Representing great life risks for cats, Panleucopenia Felina is an extremely contagious viral disease. Also known by the names Laryngotracheitis Contagiosum and Infectious Agranulocytosis, the disease has the direct contact of a healthy pussy with an infected animal as its main form of transmission, and places of great agglomeration of cats are among the most propitious for its spread.
Affecting the digestive, respiratory tract and even the bone marrow of cats, the Feline Panleukopenia have the family virus Parvoviridae as the main agent, and causes everything from diarrhea and vomiting to fever and depression in the affected pussies.
In addition to direct contact with sick animals, the disease can also be transmitted through the contact of a healthy feline with contaminated environments, objects and secretions; since the complication virus is considerably resistant, and can survive for a long time even outside the animal's body.
Very rare in regions where preventive vaccination is practiced on a regular basis, the disease is more common in young cats, aged up to 12 months. Showing its first signs within a week after the contamination, the Feline Panleukopenia can cause a number of varied symptoms, including the sudden death of the animal.
Find out below the main signs that a feline affected by the disease shows, and learn how to identify, prevent and treat the disease in your pet's cat.
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Symptoms of Feline Panleukopenia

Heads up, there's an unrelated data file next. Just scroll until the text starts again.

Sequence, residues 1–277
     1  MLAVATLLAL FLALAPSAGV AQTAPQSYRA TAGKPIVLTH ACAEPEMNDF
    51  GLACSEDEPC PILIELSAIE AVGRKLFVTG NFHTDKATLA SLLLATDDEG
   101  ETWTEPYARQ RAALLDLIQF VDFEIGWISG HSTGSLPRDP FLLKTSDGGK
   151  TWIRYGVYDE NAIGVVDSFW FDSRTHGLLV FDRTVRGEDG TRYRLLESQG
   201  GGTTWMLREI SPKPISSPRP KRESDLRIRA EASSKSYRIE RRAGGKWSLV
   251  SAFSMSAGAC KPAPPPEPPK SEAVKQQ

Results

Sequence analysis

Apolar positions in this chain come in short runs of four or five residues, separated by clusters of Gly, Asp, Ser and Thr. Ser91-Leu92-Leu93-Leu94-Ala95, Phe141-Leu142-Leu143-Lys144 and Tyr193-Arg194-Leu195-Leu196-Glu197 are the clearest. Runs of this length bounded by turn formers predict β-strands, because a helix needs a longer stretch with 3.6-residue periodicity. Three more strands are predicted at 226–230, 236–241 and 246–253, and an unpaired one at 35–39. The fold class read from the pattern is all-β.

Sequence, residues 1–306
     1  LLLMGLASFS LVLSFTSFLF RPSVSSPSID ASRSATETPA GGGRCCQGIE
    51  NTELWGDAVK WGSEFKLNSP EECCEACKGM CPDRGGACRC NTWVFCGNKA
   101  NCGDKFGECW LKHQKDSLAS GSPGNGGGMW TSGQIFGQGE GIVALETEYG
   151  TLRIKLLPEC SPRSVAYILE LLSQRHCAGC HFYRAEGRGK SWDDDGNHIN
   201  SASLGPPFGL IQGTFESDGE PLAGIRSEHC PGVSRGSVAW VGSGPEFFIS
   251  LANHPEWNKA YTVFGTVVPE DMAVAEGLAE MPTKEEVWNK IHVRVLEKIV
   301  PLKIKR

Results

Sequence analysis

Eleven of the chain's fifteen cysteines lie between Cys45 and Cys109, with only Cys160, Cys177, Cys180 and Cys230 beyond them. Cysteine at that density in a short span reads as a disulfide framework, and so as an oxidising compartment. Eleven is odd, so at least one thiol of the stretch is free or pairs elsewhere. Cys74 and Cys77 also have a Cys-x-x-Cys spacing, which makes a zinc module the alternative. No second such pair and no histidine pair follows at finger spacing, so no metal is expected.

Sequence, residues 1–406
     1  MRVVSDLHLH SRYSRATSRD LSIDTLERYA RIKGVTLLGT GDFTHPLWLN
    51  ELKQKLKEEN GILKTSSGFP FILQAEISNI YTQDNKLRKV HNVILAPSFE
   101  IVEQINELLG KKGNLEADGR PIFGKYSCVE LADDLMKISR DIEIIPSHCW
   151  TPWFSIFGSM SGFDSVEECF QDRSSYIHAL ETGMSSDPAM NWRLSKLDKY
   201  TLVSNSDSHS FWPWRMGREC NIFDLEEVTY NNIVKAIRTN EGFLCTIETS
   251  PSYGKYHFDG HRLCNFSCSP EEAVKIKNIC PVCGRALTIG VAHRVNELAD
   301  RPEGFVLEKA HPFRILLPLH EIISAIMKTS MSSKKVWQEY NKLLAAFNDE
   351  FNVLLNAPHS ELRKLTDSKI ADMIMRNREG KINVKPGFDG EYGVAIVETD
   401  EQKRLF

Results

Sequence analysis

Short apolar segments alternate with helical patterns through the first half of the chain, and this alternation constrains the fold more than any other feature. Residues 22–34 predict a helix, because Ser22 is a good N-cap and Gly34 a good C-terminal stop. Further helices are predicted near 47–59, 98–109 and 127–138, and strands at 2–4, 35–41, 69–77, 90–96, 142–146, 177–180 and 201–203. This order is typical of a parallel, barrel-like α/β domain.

You signs of the disease appear according to their level of development, and dehydration, vomiting and bloody diarrhea, depression, fever, lack of appetite and tenderness in the abdominal region are quite common symptoms in affected cats.
Contaminated pregnant felines may have malformed offspring, and when the disease manifests in newborn pussies, it often causes changes in the central nervous system, triggering factors such as lack of coordination and staggering.
Prevention of Panleukopenia
The best form of prevention is vaccination against Feline Panleukopenia, which can be administered to cats from the second month of life, and must be reinforced within a month with a new dose. Adult pussies should also receive the antigens, renewing the vaccine on an annual basis.
Diagnosis and treatment of the disease
In addition to the clinical examination, where the main symptoms of the animal will be observed, Panleucopenia Felina is diagnosed by means of blood tests; and other forms of investigation can be done to confirm the situation.
Diagnosed Panleukopenia, treatment will be indicated according to your level of development, and is usually quite laborious and expensive. Fluid replacement (to combat dehydration) combined with antibiotic medications is, in most cases, the recommendation, and affected animals should be isolated from others to prevent the disease from spreading.
It is worth remembering that no type of medication should be administered to your pet without the knowledge and indication of a professional; therefore, when you notice signs of the disease in your pussy, see a veterinarian.